In view of that day of reckoning, “each one should test his own actions.” That means measuring ourselves not against the conduct of weak and fallible sinners but against God’s holy and just law. That law demands perfection. That law looks not only at deeds and actions but at thoughts and motives as well. That law makes the observation that out of the heart come “evil thoughts, sexual immorality, theft, murder, adultery,” and so on (Mark 7:21).
“Each one should test his own actions,” Paul advises. There is something of an edge on his words when he continues, “Then he can take pride in himself.” Actually, he means just the opposite! “Look at yourself in the mirror of God’s holy law,” Paul says, “and you will see absolutely no basis for pride. You will see only sins and shortcomings, and you will feel shame and remorse over your shabby record. You will realize that you daily need God’s grace and mercy just as much as the ‘weaker’ brother does, to whom you were originally inclined to feel superior.”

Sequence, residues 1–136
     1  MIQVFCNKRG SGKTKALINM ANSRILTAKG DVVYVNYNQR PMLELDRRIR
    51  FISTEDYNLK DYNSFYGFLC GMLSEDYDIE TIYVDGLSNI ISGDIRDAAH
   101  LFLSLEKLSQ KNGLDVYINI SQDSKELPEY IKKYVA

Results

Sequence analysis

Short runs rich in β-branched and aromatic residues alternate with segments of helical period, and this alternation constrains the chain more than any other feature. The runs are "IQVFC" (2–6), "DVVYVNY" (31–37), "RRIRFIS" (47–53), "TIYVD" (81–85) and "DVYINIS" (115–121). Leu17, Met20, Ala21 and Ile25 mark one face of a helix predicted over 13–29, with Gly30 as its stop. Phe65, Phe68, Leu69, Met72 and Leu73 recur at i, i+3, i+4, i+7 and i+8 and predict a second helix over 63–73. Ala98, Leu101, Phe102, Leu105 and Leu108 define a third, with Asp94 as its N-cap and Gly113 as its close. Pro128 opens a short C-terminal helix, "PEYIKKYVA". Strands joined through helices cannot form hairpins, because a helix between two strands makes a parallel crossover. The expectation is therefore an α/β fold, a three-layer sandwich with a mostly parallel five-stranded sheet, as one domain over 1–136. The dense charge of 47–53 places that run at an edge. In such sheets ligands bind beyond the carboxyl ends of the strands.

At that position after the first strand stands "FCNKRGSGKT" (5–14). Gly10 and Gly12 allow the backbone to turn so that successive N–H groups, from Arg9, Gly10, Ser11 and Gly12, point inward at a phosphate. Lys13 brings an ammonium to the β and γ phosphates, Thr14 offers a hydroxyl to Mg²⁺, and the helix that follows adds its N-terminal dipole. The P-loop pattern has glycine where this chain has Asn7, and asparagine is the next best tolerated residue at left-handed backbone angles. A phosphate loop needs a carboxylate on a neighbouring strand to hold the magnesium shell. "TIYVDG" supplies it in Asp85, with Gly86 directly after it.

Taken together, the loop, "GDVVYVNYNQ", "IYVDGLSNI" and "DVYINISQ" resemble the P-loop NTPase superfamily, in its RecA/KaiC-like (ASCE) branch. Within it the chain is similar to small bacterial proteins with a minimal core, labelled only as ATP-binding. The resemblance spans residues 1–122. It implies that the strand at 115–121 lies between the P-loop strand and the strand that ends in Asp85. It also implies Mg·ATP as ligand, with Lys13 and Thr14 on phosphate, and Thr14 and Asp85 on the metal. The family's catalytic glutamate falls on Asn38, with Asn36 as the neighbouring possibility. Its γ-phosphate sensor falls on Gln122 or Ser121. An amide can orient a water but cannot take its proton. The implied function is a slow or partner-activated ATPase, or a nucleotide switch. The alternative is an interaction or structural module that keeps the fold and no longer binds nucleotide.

Paul’s main purpose in writing the letter to the Galatians was to address the confusion caused by the Judaizers. They insisted that in addition to believing in Christ, the Galatians also had to observe the Law of Moses with its rites and ceremonies. Paul countered that with a ringing defense of salvation by faith alone, without the addition of any law-works. Paul followed that with the double encouragement to stand fast in their freedom from the law but not to use this freedom as a license to sin. He then moved on to encourage them to show considerate treatment toward any brothers who may still have some difficulty grasping the doctrinal significance of all this and applying it to their everyday lives.